Lilian August: I live and breathe what I do. I’m an artist, and about 30 years ago, Imperial Wallcoverings found me and asked if I could design a wallcovering that looked like my work. Then one of my sons wrote his senior thesis in college on my business, and soon after our wallcoverings became No. 1 in sales in the country. So, what inspires me is that I’m in a family business.
But I’m also inspired by my customer. I like to think that I am giving them what they need. I just know my customer, who is fashion-forward and style-conscious. An important thing about me is that I don’t try to overreach. I try to give people exactly what I think they need. A lot of designers get caught up in ego. But I don’t have a lot of ego in my work. I’m practical and realistic. I live in the real world. I’m a small business owner and entrepreneur, and if you’re not realistic, you don’t last.
Our business is based in Connecticut and I grew up in Philadelphia, so I’m very familiar with the whole townhouse concept. I was a student of city planning at the University of Pennsylvania. I love antique buildings and building preservation, and I think there’s an edgy way to take this urban environment, twist it and make it a little cleaner. That’s what the new collection for Currey & Co. is about. Each piece is beautiful on its own, but each has an antique building as a sort of backdrop. It’s a mixture of old and new.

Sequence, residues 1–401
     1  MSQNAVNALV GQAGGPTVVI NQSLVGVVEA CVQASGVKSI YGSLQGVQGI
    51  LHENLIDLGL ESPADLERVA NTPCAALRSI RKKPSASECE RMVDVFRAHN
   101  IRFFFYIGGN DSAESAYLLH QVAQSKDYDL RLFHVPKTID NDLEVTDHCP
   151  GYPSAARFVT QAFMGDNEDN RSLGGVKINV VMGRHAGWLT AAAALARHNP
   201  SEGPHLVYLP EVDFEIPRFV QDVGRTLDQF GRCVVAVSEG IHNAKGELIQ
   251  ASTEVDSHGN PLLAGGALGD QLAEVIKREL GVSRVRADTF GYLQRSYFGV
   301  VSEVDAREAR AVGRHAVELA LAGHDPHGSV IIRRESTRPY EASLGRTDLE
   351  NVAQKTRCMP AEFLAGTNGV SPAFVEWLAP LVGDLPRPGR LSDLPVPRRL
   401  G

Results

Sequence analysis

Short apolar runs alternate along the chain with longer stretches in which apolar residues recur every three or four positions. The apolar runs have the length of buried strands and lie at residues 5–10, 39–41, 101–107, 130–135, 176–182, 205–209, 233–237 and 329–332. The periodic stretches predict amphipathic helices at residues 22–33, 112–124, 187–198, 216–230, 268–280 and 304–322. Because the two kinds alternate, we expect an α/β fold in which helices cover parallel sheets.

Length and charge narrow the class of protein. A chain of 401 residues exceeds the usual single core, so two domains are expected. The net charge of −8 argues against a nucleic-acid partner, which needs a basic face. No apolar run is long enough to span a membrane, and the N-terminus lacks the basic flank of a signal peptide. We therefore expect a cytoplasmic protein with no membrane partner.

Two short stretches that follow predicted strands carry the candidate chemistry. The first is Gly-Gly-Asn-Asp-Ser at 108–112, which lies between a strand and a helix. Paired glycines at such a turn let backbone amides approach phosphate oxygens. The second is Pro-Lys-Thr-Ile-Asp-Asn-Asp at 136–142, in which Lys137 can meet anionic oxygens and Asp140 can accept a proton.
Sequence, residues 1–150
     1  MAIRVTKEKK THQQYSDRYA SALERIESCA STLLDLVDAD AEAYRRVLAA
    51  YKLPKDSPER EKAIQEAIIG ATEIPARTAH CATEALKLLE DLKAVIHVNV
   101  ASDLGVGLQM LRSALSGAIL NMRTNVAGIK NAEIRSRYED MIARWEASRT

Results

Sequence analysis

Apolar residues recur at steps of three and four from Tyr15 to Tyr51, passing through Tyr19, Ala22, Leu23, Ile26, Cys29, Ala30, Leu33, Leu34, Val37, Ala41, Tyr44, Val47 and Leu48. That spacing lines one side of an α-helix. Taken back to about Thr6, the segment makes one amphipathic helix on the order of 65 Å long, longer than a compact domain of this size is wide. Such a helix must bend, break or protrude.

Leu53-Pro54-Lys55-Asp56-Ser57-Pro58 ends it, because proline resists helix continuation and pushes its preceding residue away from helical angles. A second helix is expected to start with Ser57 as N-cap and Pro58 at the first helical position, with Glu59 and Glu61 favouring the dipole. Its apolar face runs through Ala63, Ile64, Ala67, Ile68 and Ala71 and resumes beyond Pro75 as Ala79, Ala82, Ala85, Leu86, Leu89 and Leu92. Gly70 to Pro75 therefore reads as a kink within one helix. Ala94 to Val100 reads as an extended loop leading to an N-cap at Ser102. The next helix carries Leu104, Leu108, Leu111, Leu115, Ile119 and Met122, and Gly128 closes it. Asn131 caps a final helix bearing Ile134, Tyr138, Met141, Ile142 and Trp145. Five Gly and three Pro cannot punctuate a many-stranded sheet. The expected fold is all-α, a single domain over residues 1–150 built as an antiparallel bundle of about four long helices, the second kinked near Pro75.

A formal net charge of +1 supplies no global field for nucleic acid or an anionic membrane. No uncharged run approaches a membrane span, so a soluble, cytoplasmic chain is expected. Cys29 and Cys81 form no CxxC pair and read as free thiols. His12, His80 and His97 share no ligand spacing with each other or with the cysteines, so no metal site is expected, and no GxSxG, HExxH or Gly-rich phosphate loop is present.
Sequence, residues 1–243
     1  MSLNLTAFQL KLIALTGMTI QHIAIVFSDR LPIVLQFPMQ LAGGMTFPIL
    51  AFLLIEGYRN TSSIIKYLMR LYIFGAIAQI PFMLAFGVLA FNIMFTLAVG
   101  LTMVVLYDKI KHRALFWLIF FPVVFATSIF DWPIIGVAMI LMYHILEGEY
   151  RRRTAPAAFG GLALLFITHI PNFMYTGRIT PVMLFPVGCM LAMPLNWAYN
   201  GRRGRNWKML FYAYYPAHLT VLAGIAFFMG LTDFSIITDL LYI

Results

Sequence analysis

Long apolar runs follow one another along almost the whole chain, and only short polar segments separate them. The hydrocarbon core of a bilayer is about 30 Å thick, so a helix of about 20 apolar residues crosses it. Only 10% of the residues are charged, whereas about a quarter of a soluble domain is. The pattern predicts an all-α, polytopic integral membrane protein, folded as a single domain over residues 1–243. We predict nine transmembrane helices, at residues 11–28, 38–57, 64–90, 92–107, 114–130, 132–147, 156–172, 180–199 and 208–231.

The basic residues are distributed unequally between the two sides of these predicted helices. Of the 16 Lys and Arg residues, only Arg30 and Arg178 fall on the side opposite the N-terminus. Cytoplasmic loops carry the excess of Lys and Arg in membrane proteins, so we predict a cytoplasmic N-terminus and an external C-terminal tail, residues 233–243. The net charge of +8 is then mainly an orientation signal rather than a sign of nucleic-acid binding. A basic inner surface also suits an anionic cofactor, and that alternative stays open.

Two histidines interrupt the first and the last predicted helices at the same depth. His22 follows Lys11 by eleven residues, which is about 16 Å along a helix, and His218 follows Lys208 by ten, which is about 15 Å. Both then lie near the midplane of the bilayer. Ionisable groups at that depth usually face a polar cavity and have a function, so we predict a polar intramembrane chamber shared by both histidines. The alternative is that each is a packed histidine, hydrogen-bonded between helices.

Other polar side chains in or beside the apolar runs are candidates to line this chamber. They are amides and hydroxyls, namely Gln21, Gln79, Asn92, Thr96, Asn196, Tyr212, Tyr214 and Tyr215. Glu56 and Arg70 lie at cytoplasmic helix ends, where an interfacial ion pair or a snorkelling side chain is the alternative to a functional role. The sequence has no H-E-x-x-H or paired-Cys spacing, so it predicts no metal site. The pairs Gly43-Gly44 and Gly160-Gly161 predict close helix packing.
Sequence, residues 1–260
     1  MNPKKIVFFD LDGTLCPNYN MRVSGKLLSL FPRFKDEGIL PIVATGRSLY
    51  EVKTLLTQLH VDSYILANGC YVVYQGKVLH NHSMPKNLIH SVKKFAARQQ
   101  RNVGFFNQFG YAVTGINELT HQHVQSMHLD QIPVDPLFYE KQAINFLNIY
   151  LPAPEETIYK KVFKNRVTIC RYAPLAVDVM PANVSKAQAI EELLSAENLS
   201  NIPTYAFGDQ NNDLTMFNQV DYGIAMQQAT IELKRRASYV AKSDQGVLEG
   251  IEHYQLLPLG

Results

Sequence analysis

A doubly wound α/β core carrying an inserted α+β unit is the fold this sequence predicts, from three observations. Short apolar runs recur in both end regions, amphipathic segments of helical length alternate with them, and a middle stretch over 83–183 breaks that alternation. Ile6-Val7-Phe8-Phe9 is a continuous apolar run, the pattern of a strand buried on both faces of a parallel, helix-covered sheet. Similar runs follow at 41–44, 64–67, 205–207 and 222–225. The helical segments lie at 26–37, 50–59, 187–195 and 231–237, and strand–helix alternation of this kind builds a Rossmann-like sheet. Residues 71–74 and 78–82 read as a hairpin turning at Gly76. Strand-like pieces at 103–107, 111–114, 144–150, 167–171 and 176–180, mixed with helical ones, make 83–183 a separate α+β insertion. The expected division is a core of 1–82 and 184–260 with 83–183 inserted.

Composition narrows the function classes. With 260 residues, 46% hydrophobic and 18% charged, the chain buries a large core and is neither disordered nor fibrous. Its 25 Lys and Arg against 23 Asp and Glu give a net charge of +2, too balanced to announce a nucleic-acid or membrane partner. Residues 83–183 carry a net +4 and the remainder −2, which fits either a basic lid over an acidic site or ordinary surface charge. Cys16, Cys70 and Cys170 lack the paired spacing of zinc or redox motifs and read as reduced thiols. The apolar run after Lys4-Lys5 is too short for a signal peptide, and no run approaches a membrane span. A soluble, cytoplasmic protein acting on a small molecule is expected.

One piece in the collection is alabaster — the Farrington. It has a beautiful alabaster turning, and it’s tall. People just love beautiful, natural stone that looks expensive. The suggested retail is around $740, so it’s a bargain — real alabaster with a cream silk shade. I like designing things with beautiful materials. My customers feel that they are getting a good value.
I was thrilled to have the opportunity to design the chandeliers. The chandeliers are fun because glamour is in, and they’re all glamorous. The lamps add another layer to the collection, and to a room. You have some simple forms with antique references.
I am constantly designing. I have such a backlog of favorite things. I’m inspired by everything I see, at all times, everywhere. I just bring it all down to full-room settings. I’m a history nut, and I love color. I collect antique references and have done so for decades. So, I really don’t look to nature for my influences and my inspiration. I look to the whole history of the decorative arts.